In the future, I will be drawing the actual clothes with a pencil & a piece of paper. It is hard to adjust the lines of the garment in GIMP to correspond with the lines of my body.

At any rate, I’m excited about my new little friend :)

Now – go print out a million little images of yourself & draw up a new wardrobe! Yay!

This Is Why I Can’t Buy Fabric Anymore

9 Jan

You guys.
Remember this?
ughhh my fabric stash
That is my fabric stash as of last week. And before anyone goes, “Oh! That’s not too bad!” may I point out that the fabric is double-stacked – i.e., there are piles of fabric behind the stuff you can see. Also, I have smaller piles lurking in my sewing room closet & attic. Eep!

So, I knew I was going to put myself on a fabric-buying ban. It seems silly to keep spending money (especially when you consider my expensive taste when it comes to fabric) when I have soo much perfectly usable fabric hanging out at my house as it is. I mentioned this at the beginning of the year (aka last week) and a few of y’all commented that you should also follow suit, but felt like you couldn’t stick to it. To be honest, I kind of felt the same way, but after pulling out my stash & really combing through it, I am actually pretty excited about this upcoming sewing year. I have so much good fabric! So many gems I had forgotten about!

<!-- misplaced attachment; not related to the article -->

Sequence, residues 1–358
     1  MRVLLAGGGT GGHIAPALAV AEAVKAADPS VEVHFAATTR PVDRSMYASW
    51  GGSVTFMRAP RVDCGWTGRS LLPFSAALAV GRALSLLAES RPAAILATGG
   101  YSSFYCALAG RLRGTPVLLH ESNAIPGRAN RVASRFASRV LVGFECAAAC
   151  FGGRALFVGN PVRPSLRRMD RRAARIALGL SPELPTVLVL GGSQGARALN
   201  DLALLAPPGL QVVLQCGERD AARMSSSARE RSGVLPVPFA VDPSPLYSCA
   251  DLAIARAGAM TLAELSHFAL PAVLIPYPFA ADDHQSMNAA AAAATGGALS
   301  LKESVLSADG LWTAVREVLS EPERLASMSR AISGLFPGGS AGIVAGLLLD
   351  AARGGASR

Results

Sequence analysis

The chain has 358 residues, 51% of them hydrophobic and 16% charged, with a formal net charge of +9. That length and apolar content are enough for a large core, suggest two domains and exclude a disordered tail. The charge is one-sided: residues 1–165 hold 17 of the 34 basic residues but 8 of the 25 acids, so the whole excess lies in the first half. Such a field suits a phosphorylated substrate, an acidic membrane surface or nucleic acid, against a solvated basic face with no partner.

Over the weekend, I pulled every single piece of fabric off my shelf, measured it (both yardage & width) and took a picture. I was going to upload everything to Pinterest – well, I started, anyway – but their site is all buggy and half the pictures don’t show up and idk, I just got pissy & moved everything to Flickr. Whatever! I also took the opportunity to pull any fabric that hadn’t been prewashed (I try to prewash everything as soon as I get it home but in some of these cases, this fabric has been hanging around for years… long before I because the Queen of Prewash) and get that taken care of as well.

I’m not going to bore you with dozens of pictures of my fabric stash, but if you are feeling lurky, I have allotted it it’s very own set on flickr. I am kind of embarrassed that there are nearly 50 photos, especially when you consider that this is ONLY my woven garment fabric with significant yardage. I have more stacks of muslins/interlinings, linings, remnants/scraps, and an entire cabinet full of stretch fabrics. Plus I never got around to that stuff in the attic lol. Baby steps, y’all!

I cut little swatches & hung them on my bulletin board as well: